Indiana University-Purdue University Indianapolis (IUPUI) Borrelia burgdorferi, a bacterium which causes Lyme disease, is maintained in nature through a cycle involving two distinct hosts: a tick vector and a mammalian host. To adapt to these two diverse environments, B. burgdorferi undergoes dramatic alterations in its surface lipoprotein. Two essential lipoproteins, outer surface protein A (OspA) and outer surface protein C (OspC), are reciprocally regulated throughout the B. burgdorferi lifecycle. Very little is known about the regulation of OspA. These studies elucidate the regulatory mechanisms controlling the expression of OspA. Various truncations of the ospA promoter were created and then studied in our novel in vitro model of ospA repression or grown within the host-adapted model. A T-Rich region of the ospA promoter was determined to be a cis-element essential for both the full expression and full repression of ospA.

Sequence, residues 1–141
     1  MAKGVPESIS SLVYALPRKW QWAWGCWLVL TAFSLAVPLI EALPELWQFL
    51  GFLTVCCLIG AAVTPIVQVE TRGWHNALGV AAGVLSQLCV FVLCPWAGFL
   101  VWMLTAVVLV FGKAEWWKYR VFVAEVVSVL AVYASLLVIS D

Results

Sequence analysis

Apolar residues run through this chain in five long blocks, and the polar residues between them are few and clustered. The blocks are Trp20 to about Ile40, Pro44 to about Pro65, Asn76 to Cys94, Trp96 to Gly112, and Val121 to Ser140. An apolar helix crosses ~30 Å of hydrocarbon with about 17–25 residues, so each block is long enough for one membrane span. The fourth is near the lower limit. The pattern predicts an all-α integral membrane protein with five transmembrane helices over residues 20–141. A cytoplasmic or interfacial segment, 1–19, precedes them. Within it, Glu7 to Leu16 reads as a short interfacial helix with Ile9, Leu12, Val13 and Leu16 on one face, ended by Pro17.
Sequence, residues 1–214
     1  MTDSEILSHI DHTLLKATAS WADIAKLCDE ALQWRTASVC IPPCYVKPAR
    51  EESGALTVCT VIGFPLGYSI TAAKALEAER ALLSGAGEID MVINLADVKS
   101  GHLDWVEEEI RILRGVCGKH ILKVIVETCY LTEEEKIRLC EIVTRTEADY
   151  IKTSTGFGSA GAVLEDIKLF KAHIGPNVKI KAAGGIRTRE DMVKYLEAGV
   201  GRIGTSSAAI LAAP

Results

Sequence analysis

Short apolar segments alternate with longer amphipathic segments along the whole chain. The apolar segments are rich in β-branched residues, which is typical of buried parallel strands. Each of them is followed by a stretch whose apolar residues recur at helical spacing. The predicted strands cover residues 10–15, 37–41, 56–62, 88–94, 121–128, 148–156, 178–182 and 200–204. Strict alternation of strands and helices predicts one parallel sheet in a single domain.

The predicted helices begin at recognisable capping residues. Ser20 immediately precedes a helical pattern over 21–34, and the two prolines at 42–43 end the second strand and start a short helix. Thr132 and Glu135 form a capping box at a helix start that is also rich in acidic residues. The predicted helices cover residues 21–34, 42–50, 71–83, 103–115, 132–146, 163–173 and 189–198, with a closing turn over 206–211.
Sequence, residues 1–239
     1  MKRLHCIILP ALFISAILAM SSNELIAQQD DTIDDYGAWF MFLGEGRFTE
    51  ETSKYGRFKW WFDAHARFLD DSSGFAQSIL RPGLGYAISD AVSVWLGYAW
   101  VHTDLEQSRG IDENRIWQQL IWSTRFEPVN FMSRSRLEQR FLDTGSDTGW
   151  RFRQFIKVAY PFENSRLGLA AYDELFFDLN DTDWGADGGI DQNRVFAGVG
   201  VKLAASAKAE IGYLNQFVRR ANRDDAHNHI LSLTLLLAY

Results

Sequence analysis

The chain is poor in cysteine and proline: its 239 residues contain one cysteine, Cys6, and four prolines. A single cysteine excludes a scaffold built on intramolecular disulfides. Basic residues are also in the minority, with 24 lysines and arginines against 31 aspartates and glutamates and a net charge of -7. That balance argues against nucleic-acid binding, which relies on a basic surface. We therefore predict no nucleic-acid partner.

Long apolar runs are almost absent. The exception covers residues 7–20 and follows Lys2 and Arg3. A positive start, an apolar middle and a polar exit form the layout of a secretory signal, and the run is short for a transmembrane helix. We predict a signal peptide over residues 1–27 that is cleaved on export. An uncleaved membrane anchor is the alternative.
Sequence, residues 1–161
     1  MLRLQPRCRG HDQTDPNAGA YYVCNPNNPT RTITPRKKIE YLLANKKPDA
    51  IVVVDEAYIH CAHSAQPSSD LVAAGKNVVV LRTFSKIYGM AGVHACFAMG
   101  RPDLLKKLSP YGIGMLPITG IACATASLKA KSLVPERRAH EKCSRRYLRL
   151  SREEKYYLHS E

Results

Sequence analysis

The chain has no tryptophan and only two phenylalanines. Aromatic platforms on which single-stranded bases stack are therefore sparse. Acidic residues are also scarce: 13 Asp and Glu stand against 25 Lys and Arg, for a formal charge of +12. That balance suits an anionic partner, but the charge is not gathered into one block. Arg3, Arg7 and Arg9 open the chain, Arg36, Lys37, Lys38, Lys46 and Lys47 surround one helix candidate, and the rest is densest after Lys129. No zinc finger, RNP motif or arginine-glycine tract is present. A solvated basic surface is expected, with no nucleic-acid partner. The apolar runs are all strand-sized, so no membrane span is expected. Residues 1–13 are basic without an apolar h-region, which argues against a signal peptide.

Borrelia Burgdorferi ; Ospa ; Outer Surface Lipoprotein A ; Borrelia Burgdorferi -- Research ; Lyme Disease ; Lyme Disease -- Molecular Aspects ; Spirochetes -- Molecular Aspects ; Lipoprotein A ; Host-Bacteria Relationships ; Bacteria -- Physiology ; Bacterial Cell Walls ; Bacterial Cell Surfaces
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